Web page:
So now that you are aware of the all vital benefits of green tea, it is time to switch from high caffeinated beverages to green tea for a healthier lifestyle. (IANS)

A Must Read Article: Skin Benefits Of Coconut Oil

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How Often You Exercise Depends on Your Personality

If you have not been able to meet your gym goals despite persistant efforts to wake up early or hitting that running session or exercise, blame it on your personality

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exercise, workout, lifestyle, fitness, personality
Self-reported levels of the trait called 'planfulness' may translate into real world differences in behaviour. Pixabay

If you have not been able to meet your gym goals despite persistent efforts to wake up early or hitting that running session or exercise, blame it on your personality.

According to researchers from University of Oregon, some people seem to be able to more consistently meet their goals than others, but it remained unclear if personality traits encourage individuals to achieve long-term goals in their day-to-day lives.

Conscientiousness has long been tied with healthy behaviours.

Narrowing their focus to “planfulness” — lead researcher Rita M. Ludwig and colleagues Sanjay Srivastava and Elliot T. Berkman, they zeroed in on psychological processes — such as mental flexibility, and a person’s ability to make short-term sacrifices in pursuit of future success that contribute directly to achieving long-term goals.

“There indeed appears to be a certain way of thinking about goals that correlates with long-term progress,” said Ludwig.

“What’s new in this study is that we used an objective measure of goal progress that could be recorded as participants naturally went about their lives: their check-ins at a local gym”.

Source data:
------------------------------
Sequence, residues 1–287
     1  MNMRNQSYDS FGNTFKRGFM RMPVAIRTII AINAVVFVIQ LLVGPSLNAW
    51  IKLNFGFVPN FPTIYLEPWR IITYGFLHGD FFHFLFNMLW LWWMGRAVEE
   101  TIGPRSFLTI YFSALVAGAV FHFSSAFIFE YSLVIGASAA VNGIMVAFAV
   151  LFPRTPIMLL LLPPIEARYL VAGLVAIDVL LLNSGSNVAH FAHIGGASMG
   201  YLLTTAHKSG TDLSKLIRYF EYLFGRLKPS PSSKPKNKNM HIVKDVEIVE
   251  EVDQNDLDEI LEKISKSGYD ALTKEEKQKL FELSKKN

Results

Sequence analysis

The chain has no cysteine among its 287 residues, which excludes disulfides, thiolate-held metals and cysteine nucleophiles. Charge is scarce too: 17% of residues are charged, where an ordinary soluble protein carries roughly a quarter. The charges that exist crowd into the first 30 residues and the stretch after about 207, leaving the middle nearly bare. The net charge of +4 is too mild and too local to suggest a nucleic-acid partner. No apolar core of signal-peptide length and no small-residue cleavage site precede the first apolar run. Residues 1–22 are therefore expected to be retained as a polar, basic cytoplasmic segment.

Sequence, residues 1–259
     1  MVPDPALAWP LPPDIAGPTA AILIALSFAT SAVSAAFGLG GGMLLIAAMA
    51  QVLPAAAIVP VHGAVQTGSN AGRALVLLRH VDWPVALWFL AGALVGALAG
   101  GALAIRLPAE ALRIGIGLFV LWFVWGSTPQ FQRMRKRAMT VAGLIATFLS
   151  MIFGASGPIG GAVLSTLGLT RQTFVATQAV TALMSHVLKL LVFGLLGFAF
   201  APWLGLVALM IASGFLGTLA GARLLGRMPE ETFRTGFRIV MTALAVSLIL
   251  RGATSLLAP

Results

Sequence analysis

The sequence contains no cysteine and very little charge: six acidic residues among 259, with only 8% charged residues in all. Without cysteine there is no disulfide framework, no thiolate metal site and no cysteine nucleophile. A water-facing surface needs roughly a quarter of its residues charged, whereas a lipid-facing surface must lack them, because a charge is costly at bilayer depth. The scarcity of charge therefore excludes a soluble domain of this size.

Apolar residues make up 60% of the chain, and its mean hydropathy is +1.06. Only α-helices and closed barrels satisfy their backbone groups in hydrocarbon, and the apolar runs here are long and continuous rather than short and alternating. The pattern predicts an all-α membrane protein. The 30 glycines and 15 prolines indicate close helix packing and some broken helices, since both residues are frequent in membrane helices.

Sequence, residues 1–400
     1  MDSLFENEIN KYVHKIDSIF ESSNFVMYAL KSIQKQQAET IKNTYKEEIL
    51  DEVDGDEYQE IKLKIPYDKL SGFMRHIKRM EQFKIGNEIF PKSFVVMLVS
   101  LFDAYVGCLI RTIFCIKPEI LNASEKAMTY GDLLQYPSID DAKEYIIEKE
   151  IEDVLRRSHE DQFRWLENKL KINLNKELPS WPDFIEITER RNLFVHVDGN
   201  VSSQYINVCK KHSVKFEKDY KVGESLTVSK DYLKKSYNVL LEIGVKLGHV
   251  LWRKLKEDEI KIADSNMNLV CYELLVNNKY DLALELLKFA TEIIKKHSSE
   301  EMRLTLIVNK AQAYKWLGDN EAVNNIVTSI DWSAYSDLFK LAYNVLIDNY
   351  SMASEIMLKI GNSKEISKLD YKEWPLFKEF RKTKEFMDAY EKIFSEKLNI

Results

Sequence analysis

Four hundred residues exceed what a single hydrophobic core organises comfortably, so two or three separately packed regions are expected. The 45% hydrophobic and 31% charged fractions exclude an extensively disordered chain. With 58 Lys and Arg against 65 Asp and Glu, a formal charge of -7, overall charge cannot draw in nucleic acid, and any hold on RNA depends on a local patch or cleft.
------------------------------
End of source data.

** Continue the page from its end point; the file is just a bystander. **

exercise, workout, lifestyle, fitness, personality
The participants, many of whom were students, provided a written description of their exercise plans and completed measures of self-control and grit. Pixabay

The findings, published in the journal Psychological Science, suggest that self-reported levels of the trait called ‘planfulness’ may translate into real world differences in behaviour.

The team analyzed gym attendance of 282 participants over a 20-week period.

The participants, many of whom were students, provided a written description of their exercise plans and completed measures of self-control and grit.

While all participants experienced a similar decline in gym attendance over the course of each semester, individuals who rated themselves high on “planfulness” items such as “developing a clear plan when I have a goal is important to me” went to the gym more throughout both semesters compared to those who ranked themselves lower on “planfulness”.

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“Planfulness” was only significantly associated with the frequency of participants’ gym attendance during the winter semester, possibly due to participants completing their physical activity plan later in the year, the researchers noted.

While there was a small, but significant relationship between participant planfulness and the level of detail in their physical activity plans, descriptiveness was unexpectedly found to have no relationship with gym attendance, Ludwig and colleagues noted.

“It seems logical that people who are successful with their goals would be able to write in detail about their planning process,” said Ludwig.

“We were surprised, then, to find no relationship between people’s goal pursuit behavior and how they wrote about their goals.” (IANS)